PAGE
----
Compassion, caring, empathy, and kindness are some of the most valuable skills parents can teach their children. However, these intangible traits can be difficult to successfully convey, in part because they can be demonstrated in so many ways. The following books provide smart starting points for conversation and family discussion to help children learn about compassion in a meaningful and impactful way.
- Those Shoes – Maribeth Boelts. Grades K-2
All Jeremy wants is a pair of those shoes – but his grandmother cannot afford to buy them. When he finds a too-small pair at a thrift store, sore feet seem worth it to fit in. However, Jeremy soon realizes there are people who need those shoes more than he does. It is a complex tale of changing trends, poverty, kindness, and doing the right thing even when you may not want to. Those Shoes is a relatable story with a valuable lesson for young kids!
- The Invisible Boy. Grades K-2
Brian is an invisible boy; his classmates seem not to notice him, or include him in any of their games or groups. When a new student arrives in class, Brian finally finds a way to shine. The Invisible Boy sensitively addresses how small acts of kindness can allow even quiet children to flourish.
- The Kindness Quilt – Nancy Elizabeth Wallace. Grades K-2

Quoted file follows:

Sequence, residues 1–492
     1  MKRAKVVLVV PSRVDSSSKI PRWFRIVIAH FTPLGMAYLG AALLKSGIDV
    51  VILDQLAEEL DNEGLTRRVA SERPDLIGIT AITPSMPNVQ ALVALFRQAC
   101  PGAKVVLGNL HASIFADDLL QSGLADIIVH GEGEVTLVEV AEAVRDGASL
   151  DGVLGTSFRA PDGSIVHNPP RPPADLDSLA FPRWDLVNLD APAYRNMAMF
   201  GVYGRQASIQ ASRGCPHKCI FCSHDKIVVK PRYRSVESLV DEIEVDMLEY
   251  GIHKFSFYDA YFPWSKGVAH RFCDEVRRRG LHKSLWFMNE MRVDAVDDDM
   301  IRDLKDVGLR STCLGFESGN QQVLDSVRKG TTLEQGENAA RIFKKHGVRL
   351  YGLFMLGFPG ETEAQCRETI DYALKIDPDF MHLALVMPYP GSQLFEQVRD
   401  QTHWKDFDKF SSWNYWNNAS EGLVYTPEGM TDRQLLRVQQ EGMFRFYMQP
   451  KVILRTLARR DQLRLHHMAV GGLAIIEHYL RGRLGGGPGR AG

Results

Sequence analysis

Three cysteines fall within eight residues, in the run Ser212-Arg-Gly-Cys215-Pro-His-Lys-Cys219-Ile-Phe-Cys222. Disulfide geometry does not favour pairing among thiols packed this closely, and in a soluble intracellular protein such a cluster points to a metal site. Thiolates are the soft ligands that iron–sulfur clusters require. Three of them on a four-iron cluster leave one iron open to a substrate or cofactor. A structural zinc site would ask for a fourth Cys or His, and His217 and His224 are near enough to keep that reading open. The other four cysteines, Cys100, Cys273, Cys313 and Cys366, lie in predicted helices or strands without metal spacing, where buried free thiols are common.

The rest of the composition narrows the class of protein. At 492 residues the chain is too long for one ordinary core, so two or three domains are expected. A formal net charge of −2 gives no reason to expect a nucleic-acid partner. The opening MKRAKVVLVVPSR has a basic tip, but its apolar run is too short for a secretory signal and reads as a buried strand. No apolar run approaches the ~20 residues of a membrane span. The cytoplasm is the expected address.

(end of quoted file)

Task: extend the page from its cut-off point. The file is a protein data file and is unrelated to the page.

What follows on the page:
Minna and her classmates are challenged to work on a Kindness project, drawing and sharing their acts of kindness. Deciding to create a paper quilt, Minna’s enthusiasm for the project begins to spread. With an inspiring story and engaging mixed-media artwork, students will enjoy deciphering the many squares of the kindness quilt – while being inspired to commit acts of kindness themselves.
- El Deafo – Cece Bell. Grades 3-6
Cece wants to fit in; while the Sonic Ear strapped to her chest allows her to hear, it also isolates her from her peers and makes making new friends difficult. In the end, Cece realizes “Our differences are our superpowers.” This full color graphic novel is an honest and sweet tale of a girl coming to terms with her disability and will strike a cord with students who have ever felt different.
- Same Sun Here – Silas House and Neela Vaswani. Grades 4-7
Meena, an Indian immigrant living in New York City, and River, the son of a coal miner in Kentucky, think they could not be more different when they become pen pals. However, they soon discover they have more in common than they ever could’ve imagined. Told in letters with two unique voices, Same Sun Here inspires children to look beyond our differences and enjoy the people in our lives who live under the same sun.